North Korea has moved into place a long-range rocket for a controversial launch later this month - amid reports it is also planning a nuclear test.
Pyongyang says the Unha-3 rocket, which it plans to launch between 12 and 16 April, will put a satellite into orbit.
But opponents of the move fear it is a disguised long-range missile test.
Meanwhile, South Korean officials say new satellite images suggest the North is preparing to carry out a third nuclear test.
The images show piles of earth and sand at the entrance of a tunnel at the Punggye-ri site, where tests of a nuclear bomb were previously carried out in 2006 and 2009, South Korea's Yonhap news agency reports.
"Recent satellite images led us to conclude the North has been secretly digging a new underground tunnel in the nuclear test site... besides two others where the previous tests were conducted," one unnamed official told the AFP news agency.
North Korea has been under close scrutiny by its neighbours and the international community since Kim Jong-un became leader of the secretive state following the death of his father, Kim Jong-il, in December 2011.
Pyongyang had agreed in February to a partial freeze in nuclear activities and a missile test moratorium in return for US food aid. But the deal was put on hold last month after the North announced its rocket launch plans.
The BBC's Damian Grammaticas was among a group of foreign journalists taken by train to the Sohae satellite station at Tongchang-ri, on the country's north-west coast, on Sunday to see the final preparations for the rocket launch.
All three stages of the rocket were visibly in position at the launch pad.
Station manager Jang Myong-jim told reporters that preparations were on track and fuelling would begin soon, without giving exact timings.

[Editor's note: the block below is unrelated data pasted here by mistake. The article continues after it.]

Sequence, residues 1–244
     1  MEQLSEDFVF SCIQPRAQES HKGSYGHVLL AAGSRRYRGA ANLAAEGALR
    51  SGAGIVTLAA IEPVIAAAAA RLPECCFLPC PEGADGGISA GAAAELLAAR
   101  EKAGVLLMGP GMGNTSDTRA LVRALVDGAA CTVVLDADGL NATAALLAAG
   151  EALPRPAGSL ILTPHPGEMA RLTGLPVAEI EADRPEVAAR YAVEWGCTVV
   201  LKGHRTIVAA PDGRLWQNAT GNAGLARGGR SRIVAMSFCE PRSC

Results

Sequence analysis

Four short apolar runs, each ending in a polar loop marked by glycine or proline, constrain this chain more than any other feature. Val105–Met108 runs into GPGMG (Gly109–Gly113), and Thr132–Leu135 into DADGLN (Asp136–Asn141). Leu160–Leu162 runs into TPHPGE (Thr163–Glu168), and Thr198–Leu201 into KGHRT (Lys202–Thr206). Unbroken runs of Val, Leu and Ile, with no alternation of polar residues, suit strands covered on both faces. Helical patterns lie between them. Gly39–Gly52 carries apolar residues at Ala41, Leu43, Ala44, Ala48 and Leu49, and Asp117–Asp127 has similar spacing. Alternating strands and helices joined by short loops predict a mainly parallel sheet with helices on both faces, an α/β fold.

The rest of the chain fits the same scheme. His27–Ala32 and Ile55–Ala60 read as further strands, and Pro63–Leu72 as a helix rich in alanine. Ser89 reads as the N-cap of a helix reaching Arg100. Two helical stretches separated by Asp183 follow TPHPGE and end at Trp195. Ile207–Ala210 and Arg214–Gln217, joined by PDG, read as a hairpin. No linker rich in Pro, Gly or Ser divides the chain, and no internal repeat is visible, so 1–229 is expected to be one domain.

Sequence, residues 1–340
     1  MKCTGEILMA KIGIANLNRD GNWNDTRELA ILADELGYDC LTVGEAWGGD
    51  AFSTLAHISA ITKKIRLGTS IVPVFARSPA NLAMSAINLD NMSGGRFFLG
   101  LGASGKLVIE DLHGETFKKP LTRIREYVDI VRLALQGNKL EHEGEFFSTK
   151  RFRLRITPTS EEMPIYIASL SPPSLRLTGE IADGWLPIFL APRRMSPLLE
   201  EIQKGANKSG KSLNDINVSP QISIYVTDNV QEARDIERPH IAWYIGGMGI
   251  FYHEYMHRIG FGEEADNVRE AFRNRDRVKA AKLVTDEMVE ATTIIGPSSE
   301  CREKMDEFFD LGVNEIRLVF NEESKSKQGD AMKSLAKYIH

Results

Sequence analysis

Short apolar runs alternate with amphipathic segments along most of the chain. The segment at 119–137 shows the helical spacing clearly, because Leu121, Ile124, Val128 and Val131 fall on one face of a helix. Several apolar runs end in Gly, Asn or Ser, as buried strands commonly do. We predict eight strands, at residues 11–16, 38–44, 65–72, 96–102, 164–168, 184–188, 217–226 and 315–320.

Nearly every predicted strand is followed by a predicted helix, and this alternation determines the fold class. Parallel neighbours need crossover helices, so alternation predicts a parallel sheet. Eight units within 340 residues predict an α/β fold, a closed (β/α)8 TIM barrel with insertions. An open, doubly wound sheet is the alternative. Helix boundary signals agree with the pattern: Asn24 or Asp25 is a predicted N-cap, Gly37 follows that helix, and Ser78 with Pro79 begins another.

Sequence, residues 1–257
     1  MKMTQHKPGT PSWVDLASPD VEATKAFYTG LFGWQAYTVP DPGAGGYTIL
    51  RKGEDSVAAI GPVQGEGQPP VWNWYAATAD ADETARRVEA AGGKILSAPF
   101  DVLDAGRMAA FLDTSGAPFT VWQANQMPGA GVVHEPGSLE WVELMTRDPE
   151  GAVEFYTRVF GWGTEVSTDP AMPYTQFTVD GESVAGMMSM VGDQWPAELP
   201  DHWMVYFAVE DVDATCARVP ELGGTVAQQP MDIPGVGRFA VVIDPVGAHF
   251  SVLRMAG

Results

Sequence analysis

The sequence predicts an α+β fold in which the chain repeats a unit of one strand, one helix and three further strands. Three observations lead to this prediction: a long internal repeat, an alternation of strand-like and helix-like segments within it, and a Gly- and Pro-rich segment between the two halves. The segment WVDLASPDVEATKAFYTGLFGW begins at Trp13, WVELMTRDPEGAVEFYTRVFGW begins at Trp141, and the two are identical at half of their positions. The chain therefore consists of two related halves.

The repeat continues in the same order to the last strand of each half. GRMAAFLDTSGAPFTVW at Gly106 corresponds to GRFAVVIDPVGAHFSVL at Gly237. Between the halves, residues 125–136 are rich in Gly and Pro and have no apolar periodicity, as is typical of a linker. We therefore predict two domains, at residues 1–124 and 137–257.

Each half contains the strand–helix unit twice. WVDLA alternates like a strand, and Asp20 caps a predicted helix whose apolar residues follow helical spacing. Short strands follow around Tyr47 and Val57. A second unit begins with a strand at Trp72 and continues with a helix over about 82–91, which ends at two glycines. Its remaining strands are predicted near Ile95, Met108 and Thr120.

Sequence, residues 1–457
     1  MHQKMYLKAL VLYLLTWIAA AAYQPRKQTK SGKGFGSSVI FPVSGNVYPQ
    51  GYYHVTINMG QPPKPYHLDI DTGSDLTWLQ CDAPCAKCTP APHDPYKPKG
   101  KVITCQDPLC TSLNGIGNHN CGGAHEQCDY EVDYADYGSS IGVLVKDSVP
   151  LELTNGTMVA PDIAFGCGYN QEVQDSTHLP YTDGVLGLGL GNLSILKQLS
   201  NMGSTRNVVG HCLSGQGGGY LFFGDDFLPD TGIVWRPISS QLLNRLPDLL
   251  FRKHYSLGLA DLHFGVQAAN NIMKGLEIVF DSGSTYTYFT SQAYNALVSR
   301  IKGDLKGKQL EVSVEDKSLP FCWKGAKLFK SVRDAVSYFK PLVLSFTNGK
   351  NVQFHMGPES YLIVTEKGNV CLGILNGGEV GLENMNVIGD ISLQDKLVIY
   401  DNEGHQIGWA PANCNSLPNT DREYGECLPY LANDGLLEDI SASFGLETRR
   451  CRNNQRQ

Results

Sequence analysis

He said the 100kg (220 pound) satellite is designed to send back images and information that will be used for weather forecasts as well as surveys of North Korea's natural resources.
But should the country be putting its effort into a satellite launch when it cannot feed its own people, our correspondent asked.
''If we don't develop our own technology, we will become slaves,'' the director of the launch site told the BBC. ''We need our own technology to be an advanced country, to be a powerful space nation.''
Pyongyang has previously said the launch, for "peaceful purposes", is to mark the centennial of the birth of founding leader Kim Il-sung.
But the United States and North Korea's neighbours say it contravenes UN resolutions that were imposed after a similar launch in April 2009.
Japan and South Korea have warned they will shoot the rocket down if it strays into their territory.
The North says any of those responses would be considered hostile acts. But it seems determined to go ahead even if it sets of a dangerous cascade of events, says our correspondent.